Vaz: We're taking the position anything housing means housing, anything residential. If your project is mixed-use, go for it because it's partially residential ... As long as you meet the social distancing requirement, which everyone has to meet, then we should take the position that housing is covered.
Bisnow: Are architects, landscape, designers, interior, allowed on the job site during the quarantine?
Geller: We don't know the answer to that right now. The general guidance is to stay home to the greatest extent possible. While there [is] ambiguity to the order, the clear takeaway from the order is that unless it's essential service and critical for infrastructure, the state wants everyone to come home. A lot of this can and should be done remotely.
Vaz: Yes. But the state order says, construction workers who "support" [construction], which is very broad, it would be anyone that supports that. Workers that ensure the continuity of certain functions [such as] maintaining the safety and function of the project, concrete pouring, plumbers, electricians, anyone else similarly situated are permitted.
Bisnow: Relating to brokers and other commercial real estate professionals, are they allowed to tour prospects at a subject property who are interested in buying or leasing opportunities?
Geller: We don't know for sure. But the best guess, looking at the order, is probably not. Unless it's essential for the actual construction or permitting or property management, probably not. We encourage people, if there's a way to do it virtually, do virtual tours especially with leasing.
Vaz: There is no express exemption that is put on the state or local order relating to sale of home or property or brokers or agents. So it's not clear. I don't personally believe brokers or agents come under the exemption of these orders, state and local.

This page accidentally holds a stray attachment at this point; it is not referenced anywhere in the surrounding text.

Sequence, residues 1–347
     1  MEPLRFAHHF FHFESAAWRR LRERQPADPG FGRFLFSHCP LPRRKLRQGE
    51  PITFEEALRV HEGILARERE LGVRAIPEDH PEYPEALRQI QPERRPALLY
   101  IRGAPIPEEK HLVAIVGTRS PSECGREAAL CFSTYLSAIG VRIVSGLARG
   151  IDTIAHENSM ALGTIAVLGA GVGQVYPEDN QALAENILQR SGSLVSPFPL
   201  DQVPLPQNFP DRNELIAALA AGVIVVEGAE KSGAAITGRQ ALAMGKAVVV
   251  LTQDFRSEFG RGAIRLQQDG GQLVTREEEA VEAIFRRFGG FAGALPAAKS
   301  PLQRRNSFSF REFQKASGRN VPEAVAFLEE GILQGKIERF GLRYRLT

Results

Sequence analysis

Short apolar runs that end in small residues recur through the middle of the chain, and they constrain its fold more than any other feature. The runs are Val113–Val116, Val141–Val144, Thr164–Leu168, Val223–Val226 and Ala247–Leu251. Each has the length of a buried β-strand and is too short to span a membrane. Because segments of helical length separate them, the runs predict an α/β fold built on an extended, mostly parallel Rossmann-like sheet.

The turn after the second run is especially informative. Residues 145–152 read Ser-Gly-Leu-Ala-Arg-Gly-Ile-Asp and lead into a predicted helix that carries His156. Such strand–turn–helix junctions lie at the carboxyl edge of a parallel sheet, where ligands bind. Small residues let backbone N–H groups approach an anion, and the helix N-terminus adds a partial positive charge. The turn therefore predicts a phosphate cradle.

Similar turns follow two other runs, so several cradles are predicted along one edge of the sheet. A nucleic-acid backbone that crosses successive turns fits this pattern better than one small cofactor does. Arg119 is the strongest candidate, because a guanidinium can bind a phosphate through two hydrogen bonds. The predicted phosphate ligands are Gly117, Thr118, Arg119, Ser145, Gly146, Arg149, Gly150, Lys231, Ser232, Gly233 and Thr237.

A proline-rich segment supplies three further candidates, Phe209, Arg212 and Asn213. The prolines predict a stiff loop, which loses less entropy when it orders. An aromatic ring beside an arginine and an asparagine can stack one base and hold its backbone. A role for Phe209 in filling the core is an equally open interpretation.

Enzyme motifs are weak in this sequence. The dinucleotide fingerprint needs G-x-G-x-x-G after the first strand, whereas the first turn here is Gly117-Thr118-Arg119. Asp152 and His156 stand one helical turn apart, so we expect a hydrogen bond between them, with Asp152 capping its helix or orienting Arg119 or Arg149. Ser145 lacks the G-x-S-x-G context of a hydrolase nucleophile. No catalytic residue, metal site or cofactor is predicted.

Bisnow: Are inspectors including contractors entitled to do their respective jobs in connection with the leasing or sale of a property?
Geller: If it is a legally mandated activity, yes.
Vaz: Yes, so long construction is permitted, then yes.
Bisnow: Are commercial real estate professionals allowed to maintain a physical office in order to support their efforts in leasing or selling commercial real estate?
Geller: Probably not. We don't know for sure but that is something that can and should be done remotely.
Vaz: Certain offices are permitted to stay open. Security guard and janitorial services are permitted. If you're in one of the exempt categories, supporting construction of the site you can probably continue to operate. But a sales offices, they are not exempt. People who do payroll or billing or IT functions those people can continue to work and maintain the bare minimum business function. But not the actual work of the company.
Bisnow: Are mobile notaries allowed to visit people's homes for the signing of grant deeds and mortgage documents?
Geller: That's a very interesting question. It's unclear and not specifically provided. The big question in this is, is it necessary right now? Can it wait a few months? There are a lot of things that are important right now, but are they so important that it can't wait three months?
Vaz: I don't have a clear answer for that. I know that people are doing it. I know pending in Washington, D.C., is a nationalized authorization for remote notary via video; 22 states have already enacted it. California is not one of them. They are looking to pass that ASAP. So it's unclear.